Running improves with breathing control

This article in Women’s Running discusses ways of improving breathing control while running. Better breathing will help you run better and improve your performance.

Control your breathing to improve your running

Your breathing may feel laboured while running. However if you breathe correctly you will find running becomes easier. The article refers to four ways that will help.

Loosen up and check your posture

It suggests that the way you hold yourself could interfere with your breathing. Perhaps you are stiffening your rib cage as you run. If so, this will affect the way you breathe. You need to ‘free your rib cage’. Sean Carey, world-renowned practitioner in the Alexander Technique explains how to do this in the article.

Synchronise your breathing with your running

This is what Professor Alison McConnell suggests to make your breathing more comfortable while running. To achieve this start to inhale as your right foot strikes the ground. Continue to inhale as your left foot strikes. You should then start to exhale as your right foot strikes the ground for the second time.

Get in touch with your diaphragm

Another idea that is proposed is to ‘discover your diaphragm’ once again. As you get older, as a result of stress and poor posture, you start to develop poor breathing habits. This includes breathing from your chest. You should be breathing from your diaphragm, your main breathing muscle. Like any other muscle your diaphragm can suffer fatigue. This will result in laboured and uncomfortable breathing. It can also lead to intense breathlessness. Research has shown that exhausted breathing muscles will divert blood away from your legs, to help keep you breathing. This will result in the supply of oxygen to your legs being reduced. As a result your running performance will be impaired.

How POWERbreathe can help

POWERbreathe Inspiratory Muscle Training specifically targets your breathing muscles. It exercises them. You breathe in through the device against a ‘load’, or resistance. It’s this resistance that exercises your breathing muscles to become stronger. Stronger breathing muscles means more breathing stamina too and reduced fatigue. This in turn will improve your performance. You’ll be able to run for longer and with less effort.

Practice deep breathing

The final tip offered by Women’s Running is to practise pranayama, yogic breathing. But POWERbreathe IMT can also help you here. By using POWERbreathe IMT you are training yourself to take deep breaths. This will help you breathe to your full capacity. The article finishes by offering some good advice. That is to think about breathing from your diaphragm and deep breathing as you walk. As you become more confident and it becomes more natural, you can introduce it while running.

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Running improves with POWERbreathe

This article in Runner’s World asks you to ‘take a deep breath and improve your running performance with a handy piece of equipment…’ That piece of equipment is POWERbreathe Inspiratory Muscle Training (IMT).

Breathe your way to better running

The article suggests that as a runner you may be neglecting one muscle group in your training. That group is your inspiratory muscles. Your inspiratory muscles are the muscles you use to breathe in. The main inspiratory muscles are your diaphragm and intercostals. These are the muscles you primarily use for breathing but they also play a role in your core stability. In the article are three exercises that use POWERbreathe IMT to exercise your inspiratory muscles. In fact runners performing these exercises were shown to improve their performance in a time trial. They also increased their core endurance. The exercises were performed three to four times a week, for six weeks. One of the authors of the time trial study says that the athletes’ trunk muscles were shown to deliver breathing and core stability, without compromising either. This will make running more comfortable and feel easier. These are the exercises being prescribed for improving running performance. They use POWERbreathe IMT during the exercise to improve breathing strength and stamina.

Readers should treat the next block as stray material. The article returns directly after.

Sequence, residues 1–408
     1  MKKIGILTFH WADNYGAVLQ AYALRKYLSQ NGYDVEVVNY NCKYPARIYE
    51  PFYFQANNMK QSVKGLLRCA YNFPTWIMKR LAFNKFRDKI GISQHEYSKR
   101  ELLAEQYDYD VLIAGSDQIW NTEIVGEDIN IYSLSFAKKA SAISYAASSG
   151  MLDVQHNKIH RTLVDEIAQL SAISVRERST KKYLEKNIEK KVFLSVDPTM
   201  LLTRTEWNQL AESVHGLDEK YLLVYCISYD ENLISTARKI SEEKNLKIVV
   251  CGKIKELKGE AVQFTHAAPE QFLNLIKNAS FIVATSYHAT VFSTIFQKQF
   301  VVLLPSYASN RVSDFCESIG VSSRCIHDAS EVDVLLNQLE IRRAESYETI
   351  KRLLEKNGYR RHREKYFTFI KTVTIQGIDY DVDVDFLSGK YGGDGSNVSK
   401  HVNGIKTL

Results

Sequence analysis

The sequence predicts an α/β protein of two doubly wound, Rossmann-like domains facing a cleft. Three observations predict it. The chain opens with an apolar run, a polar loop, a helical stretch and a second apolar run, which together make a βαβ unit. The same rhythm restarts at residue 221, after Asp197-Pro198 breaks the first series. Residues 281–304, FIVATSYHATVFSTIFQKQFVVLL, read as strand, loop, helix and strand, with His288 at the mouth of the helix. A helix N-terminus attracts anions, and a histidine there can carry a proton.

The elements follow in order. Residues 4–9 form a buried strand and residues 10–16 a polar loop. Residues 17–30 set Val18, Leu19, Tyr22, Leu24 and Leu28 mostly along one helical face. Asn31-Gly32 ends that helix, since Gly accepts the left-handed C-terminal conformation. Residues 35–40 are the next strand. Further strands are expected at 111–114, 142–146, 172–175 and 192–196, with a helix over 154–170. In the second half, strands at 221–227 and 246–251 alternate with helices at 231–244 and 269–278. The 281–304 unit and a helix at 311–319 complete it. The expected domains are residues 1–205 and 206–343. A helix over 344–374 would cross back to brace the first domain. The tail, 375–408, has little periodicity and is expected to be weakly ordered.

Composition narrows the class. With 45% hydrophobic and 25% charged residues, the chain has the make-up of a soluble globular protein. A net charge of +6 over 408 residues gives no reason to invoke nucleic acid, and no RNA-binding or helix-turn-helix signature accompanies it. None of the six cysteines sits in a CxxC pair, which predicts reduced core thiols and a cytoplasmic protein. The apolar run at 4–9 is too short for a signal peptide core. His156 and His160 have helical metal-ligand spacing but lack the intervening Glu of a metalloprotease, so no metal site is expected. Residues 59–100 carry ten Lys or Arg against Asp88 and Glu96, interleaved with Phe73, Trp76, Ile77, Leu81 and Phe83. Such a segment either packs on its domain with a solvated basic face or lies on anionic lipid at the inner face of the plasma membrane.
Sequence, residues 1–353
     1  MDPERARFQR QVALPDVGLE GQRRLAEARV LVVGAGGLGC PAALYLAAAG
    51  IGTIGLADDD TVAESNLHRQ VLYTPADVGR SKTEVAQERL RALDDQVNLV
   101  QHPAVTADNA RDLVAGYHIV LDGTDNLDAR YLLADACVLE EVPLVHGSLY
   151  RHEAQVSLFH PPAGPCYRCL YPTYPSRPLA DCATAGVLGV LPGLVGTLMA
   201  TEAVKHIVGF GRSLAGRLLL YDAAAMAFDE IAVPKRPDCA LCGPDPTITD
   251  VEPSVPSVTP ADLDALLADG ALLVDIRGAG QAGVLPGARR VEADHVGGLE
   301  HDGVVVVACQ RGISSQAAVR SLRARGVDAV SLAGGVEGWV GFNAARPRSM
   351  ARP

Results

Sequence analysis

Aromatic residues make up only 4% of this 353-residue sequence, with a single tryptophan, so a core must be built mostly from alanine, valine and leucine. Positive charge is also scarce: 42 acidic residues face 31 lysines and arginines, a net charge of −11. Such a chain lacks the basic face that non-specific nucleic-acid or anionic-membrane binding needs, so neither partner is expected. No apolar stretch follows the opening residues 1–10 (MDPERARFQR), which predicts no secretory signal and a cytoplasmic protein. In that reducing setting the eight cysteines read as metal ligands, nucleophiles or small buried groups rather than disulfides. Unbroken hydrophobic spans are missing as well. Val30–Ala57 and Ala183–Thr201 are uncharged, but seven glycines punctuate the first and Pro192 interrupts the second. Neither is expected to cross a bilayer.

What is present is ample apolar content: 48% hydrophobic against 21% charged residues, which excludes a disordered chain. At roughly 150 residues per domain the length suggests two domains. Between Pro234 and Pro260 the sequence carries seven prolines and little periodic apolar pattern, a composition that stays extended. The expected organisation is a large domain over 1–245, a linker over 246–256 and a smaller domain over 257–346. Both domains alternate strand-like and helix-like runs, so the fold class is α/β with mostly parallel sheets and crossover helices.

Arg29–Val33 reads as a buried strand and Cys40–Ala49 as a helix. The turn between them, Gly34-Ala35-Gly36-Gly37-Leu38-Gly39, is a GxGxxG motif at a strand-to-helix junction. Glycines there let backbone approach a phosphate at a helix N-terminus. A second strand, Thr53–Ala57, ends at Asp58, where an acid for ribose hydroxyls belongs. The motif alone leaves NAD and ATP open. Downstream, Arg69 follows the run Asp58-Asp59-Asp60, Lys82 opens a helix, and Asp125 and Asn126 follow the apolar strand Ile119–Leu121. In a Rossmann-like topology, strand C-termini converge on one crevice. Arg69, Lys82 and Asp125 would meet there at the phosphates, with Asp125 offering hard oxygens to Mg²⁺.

The exercises

  • Bridge – 10 reps, 2 sets
  • Bird Dog – 10 reps, 1 set per side
  • Swiss Ball Squat Thrust – 10-15 reps, 2 sets

There is full instruction in the article as to how best to perform the exercises using your POWERbreathe IMT. It is best to perfect your breathing technique first using your POWERbreathe. You can watch this video that shows the best POWERbreathe breathing technique. By getting the technique right you are ensuring you benefit from breathing from your diaphragm. The correct technique teaches you to breathe from your diaphragm. Most people have forgotten this proper way to breathe and resort to breathing from the chest instead.  If you follow the technique shown in the video you are also reducing your risk of injury as you will be breathing properly.

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Training Inspiratory Muscles Improves Running Performance When Carrying A 25kg Thoracic Load In A Backpack

“This study investigated the effect of inspiratory muscle training (IMT, 50% maximal inspiratory muscle pressure (PImax) twice daily for six week) upon running time-trial performance with thoracic load carriage.”

Conclusion:

“When wearing a 25kg backpack, IMT attenuated the cardiovascular and perceptual responses to steady-state exercise and improved high-intensity time-trial performance which we attribute in part to reduced relative work intensity of the inspiratory muscles due to improved inspiratory muscle strength. These findings have real-world implications for occupational contexts.”